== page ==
These bulbs – also known as daylight bulbs – are specifically designed to be as close to sunlight as possible.

Not only does the light they emit make your fish and plants look as close to their natural colors as possible, it’s also perfect for a freshwater planted aquarium.

Actinic Bulbs

These bulbs give off a blue light in the precise wavelength and color temperature ideal for marine plants, particularly in very deep tanks.

They’re perfect for live coral and plants in saltwater tanks, but since you’re here looking for advice about freshwater aquariums, this type of bulb probably isn’t for you.

While they’re excellent at what they do, they’re very expensive and would be overkill for your average freshwater tank.

Metal Halide Lighting

These are often seen as the best of the best when it comes to aquarium lights, but it really depends on your setup.

Metal halide lamps are high intensity bulbs that produce more lumens per watt than any other type of aquarium lighting. This basically means they’re perfect for penetrating right to the bottom of very large, deep tanks.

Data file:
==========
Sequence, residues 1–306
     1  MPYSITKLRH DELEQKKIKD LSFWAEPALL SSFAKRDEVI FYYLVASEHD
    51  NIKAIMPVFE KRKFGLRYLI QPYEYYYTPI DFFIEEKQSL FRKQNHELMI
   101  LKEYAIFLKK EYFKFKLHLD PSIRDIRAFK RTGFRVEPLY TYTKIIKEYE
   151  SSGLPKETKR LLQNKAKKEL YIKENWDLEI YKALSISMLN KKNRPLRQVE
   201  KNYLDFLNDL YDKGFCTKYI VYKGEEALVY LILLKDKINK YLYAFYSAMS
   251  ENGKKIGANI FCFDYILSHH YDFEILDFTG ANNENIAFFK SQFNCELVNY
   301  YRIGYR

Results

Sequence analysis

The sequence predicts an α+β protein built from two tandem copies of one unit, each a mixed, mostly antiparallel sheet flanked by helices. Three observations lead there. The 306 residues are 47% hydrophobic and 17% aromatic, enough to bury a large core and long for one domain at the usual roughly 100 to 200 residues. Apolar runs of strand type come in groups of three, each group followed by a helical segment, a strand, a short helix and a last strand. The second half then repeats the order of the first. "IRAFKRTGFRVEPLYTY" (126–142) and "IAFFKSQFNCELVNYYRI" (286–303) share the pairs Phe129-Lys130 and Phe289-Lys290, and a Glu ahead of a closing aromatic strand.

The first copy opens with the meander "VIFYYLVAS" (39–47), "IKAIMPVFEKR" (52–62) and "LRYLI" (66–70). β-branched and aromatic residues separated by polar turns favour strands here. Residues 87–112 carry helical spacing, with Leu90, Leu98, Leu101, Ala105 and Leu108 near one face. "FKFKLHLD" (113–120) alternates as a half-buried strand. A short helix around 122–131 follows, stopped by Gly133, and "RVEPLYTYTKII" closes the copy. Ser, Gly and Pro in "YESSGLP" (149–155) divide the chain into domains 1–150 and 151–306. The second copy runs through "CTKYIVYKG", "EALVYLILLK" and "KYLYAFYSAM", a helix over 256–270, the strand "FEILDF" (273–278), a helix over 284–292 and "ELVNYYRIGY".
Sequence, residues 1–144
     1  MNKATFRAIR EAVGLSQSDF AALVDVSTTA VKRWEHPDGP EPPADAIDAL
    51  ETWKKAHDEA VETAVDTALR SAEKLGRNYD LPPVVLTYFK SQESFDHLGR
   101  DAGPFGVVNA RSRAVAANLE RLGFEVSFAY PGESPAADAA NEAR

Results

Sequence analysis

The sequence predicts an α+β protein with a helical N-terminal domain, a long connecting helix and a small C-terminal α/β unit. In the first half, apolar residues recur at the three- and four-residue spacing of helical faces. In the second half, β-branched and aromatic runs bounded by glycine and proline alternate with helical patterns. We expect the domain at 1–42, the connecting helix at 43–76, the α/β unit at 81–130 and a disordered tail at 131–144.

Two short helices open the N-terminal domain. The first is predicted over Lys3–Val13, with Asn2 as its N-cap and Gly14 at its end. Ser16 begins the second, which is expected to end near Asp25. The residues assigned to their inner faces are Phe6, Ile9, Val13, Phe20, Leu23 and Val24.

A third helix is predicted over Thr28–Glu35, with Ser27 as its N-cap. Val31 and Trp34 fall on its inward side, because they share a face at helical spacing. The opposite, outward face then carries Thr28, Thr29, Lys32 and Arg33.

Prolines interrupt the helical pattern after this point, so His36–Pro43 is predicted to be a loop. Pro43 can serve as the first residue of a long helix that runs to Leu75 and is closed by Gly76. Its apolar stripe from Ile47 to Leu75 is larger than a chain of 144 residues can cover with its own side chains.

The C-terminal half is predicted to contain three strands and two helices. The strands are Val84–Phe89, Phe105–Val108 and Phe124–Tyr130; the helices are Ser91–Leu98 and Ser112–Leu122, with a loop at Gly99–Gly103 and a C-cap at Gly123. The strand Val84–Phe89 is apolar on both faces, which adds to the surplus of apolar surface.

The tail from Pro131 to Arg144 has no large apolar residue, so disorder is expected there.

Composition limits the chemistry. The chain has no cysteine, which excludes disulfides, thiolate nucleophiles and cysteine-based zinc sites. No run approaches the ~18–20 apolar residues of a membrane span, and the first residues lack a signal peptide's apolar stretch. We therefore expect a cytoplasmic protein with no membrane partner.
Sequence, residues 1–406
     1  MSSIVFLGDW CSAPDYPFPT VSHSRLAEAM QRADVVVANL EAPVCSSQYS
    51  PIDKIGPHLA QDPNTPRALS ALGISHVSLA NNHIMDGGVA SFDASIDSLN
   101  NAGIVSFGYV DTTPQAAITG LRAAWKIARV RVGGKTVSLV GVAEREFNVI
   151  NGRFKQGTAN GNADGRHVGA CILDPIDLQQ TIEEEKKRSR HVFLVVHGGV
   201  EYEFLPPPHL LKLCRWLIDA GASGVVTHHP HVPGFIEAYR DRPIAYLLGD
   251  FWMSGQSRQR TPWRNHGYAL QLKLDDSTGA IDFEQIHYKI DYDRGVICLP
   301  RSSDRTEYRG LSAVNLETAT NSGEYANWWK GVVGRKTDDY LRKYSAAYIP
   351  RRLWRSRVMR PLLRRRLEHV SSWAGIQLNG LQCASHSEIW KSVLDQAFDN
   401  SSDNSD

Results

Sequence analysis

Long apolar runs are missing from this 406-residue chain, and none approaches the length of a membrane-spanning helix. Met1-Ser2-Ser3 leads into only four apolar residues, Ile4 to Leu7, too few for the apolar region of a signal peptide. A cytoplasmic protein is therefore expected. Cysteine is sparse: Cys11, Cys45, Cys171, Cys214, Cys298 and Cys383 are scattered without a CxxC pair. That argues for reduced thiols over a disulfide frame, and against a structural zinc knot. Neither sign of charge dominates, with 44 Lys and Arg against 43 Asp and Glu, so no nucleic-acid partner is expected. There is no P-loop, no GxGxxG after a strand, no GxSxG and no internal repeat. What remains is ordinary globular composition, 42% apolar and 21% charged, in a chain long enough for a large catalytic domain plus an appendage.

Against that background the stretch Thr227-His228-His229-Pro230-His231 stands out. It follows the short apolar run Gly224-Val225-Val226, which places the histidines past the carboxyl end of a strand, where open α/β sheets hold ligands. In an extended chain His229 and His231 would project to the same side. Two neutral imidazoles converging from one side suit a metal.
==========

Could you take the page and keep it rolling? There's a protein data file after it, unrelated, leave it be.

If you have a smaller tank, however, they produce far too much heat.

Unless you happen to have an extremely big aquarium, save your money and go for a less powerful full spectrum variety.

Lighting Duration

A good rule of thumb is to keep your aquarium lights on for between 8 and 10 hours per day. If you keep your tank lit for less than 4 hours a day, the plants won’t even register it, and they’ll eventually die off.

Although not necessary, some people like to provide a “midday burst” for their plants, where they switch on some additional lamps or bulbs for 2 or so hours in the middle of their lighting period. This mimics the sun when it’s at its highest point in the middle of the day.